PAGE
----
“We the people of the United States . . .”



From the New York Times crossword, August 28, 2015

41 Down   Item authorized by Article 1, Section 8 of the Constitution

First, the easy part – Article 1, Section 8 deals with the legislative branch of the U.S. government, or Congress.  That is the short answer for your quiz bowl, but just what is covered in this article?  Plenty.  So, for those of us who need a review on our Constitution, just what duties are outlined in this article?  I’m glad you asked!  They are:

  • Collect taxes
  • Borrow money
  • Regulate commerce with foreign nations
  • Establish a rule of naturalization and laws on bankruptcies (yes, these two are in the same section ?!)
  • Coin money
  • Outline punishment for counterfeiting
  • Establish post offices and roads
  • Provide patent laws, restrictions
  • Jurisdiction to establish the lower courts
  • Define and punish piracy
  • Declare war
  • Raise and support armies
  • Provide and maintain a navy
  • Make rules for regulation of land and naval forces
  • Use of militia for executing laws of the government
  • Provide for organization, discipline and supplying said militia
  • Execute legislation for the District of Columbia
  • Make all laws necessary and proper for executing its duties

WAIT!  Hold the phone!  That last power with its “necessary and proper” phrasing is known as the “elastic clause” and understandably its wording has caused considerable controversy over the years – pretty much from its inception.

In the first case, McCulloch v. Maryland, the state of Maryland had imposed a tax on out of state banks.  Problem was, the Second Bank of the United States was the only one, and in a landmark decision by Chief Justice John Marshall, he wrote that while the Constitution did not implicitly allow for Congress to create a federal bank, its power was implied in the necessary and proper clause.  Other subsequent applications of this clause included Congress creating the Federal Kidnapping Act, making it a federal crime to transport a kidnapped person across state lines because it regulated interstate activity.

A few quick facts about the rest of the document – there are seven articles and twenty-seven amendments.  Interestingly enough, it is the shortest constitution compared to others world -wide.  Want to test your knowledge of the Constitution?  Try this quiz:  Constitution quiz


Greenbacks, Bucks and Eight Bits – What’s in your Wallet?

From the New York Times Crossword puzzle, August 23, 2015

67  Down  _________ coeptis (phrase on the back of the dollar bill)

You’ve spent hundreds, thousands, perhaps even millions of them – but do you know what is on your one dollar bill?  Sadly, many of us have no idea.  Yet a careful glance at our one-dollar bill will give us a lesson in history and symbols.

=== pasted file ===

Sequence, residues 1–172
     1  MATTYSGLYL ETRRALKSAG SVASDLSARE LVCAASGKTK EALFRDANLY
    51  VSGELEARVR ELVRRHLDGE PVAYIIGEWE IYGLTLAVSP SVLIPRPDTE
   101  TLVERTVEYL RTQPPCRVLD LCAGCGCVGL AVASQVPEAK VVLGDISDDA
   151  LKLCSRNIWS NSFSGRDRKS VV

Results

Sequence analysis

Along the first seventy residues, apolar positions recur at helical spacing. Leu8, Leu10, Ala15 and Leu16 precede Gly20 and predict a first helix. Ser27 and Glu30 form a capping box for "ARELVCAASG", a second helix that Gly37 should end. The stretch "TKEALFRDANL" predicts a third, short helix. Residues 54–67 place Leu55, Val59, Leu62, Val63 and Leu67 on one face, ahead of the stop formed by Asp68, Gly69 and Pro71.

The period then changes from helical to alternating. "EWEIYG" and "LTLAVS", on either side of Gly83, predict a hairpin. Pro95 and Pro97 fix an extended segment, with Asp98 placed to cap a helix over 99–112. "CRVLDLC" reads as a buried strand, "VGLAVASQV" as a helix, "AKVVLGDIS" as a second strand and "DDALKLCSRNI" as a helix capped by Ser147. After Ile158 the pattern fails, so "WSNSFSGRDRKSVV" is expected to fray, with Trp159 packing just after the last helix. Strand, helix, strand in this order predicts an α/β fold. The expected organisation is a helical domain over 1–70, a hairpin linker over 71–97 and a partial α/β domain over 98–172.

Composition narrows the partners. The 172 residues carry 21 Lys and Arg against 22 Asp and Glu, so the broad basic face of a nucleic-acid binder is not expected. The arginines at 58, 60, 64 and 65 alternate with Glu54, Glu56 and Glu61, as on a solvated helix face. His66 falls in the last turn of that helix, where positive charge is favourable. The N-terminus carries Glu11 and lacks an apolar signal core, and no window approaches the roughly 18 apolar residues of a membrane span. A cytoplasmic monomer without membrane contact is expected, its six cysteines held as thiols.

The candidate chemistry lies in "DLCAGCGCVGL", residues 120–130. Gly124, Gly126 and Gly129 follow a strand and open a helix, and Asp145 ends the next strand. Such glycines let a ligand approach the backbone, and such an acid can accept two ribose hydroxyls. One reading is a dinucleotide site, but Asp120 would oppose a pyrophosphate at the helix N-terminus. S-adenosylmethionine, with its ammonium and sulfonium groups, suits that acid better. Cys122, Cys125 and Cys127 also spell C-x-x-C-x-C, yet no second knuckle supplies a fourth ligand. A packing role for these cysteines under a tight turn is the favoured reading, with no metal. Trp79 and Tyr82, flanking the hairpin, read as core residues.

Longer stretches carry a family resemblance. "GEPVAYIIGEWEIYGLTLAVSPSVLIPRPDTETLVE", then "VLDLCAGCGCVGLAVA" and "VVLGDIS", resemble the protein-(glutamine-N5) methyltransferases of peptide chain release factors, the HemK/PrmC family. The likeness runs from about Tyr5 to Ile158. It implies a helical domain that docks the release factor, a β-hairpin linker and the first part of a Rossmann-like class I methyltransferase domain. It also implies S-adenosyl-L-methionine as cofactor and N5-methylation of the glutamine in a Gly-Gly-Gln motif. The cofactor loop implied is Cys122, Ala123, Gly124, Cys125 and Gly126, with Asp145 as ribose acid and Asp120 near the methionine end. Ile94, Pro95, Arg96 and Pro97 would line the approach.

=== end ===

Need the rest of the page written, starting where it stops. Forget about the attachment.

Front of the Dollar Bill

Well, this won’t take long as most of the good stuff is on the reverse side.  However, did you know that George Washington was not the first person pictured on the bill?  No, it was Salmon P. Chase.  And just who was he?  Well, he was the Secretary of the Treasury when the bill was first introduced.

In addition to Washington, there is the United States Treasury Seal which shows the balancing s03_treasury-sealcales, indicated justice and the chevron with thirteen stars for the original thirteen colonies.  The key invokes the symbol of authority.

These days, only the one dollar bill still carries the district letter of the issuing reserve bank.  Higher denominations  have replaced those with the Federal Reserve Seal.  Quick – can you name the Federal Reserve banks (hint:  there are twelve of them).  Answer:  Boston, New York, Philadelphia, Cleveland, Richmond, Atlanta, Chicago, St. Louis, Minneapolis, Kansas City, Dallas and San Francisco.

Back of the Dollar Bill

Now for the good stuff – we’ll start with the Great Seal.  If you can imagine, it took six years and three committees just to design the Great Seal.  It wasn’t until June 13, 1782, that Charles Thomson managed to assuage all voices with his design which on the front Great Sealshowed an eagle rising with thirteen arrows in its left talon and an olive branch in its right.  The olive branch and the number thirteen seem pretty self-explanatory, but what is interesting is the significance of which talon they are in – right signifies dominance, so peace should predominate.  An accidental switching of these in early years, nearly sparked an armed conflict!